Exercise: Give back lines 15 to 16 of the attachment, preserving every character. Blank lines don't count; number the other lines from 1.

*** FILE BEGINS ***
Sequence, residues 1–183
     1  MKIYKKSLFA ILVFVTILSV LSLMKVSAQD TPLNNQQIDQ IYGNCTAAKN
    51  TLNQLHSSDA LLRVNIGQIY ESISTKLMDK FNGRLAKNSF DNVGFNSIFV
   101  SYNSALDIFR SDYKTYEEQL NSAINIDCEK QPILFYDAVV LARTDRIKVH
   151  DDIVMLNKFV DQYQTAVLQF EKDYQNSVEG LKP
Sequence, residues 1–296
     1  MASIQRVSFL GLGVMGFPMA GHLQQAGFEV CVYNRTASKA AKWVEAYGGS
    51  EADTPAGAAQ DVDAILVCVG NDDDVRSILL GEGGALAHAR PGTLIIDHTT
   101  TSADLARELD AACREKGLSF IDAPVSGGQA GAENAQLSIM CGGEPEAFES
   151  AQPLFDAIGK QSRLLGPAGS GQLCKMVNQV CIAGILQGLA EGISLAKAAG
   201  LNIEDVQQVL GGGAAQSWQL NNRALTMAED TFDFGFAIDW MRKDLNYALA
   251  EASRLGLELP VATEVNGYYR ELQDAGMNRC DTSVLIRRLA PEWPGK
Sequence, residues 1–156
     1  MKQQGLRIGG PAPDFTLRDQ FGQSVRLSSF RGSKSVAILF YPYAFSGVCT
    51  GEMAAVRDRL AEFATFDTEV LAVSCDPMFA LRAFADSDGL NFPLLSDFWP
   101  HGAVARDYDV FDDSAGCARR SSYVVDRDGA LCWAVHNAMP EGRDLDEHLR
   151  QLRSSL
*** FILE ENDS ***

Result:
    51  GEMAAVRDRL AEFATFDTEV LAVSCDPMFA LRAFADSDGL NFPLLSDFWP
   101  HGAVARDYDV FDDSAGCARR SSYVVDRDGA LCWAVHNAMP EGRDLDEHLR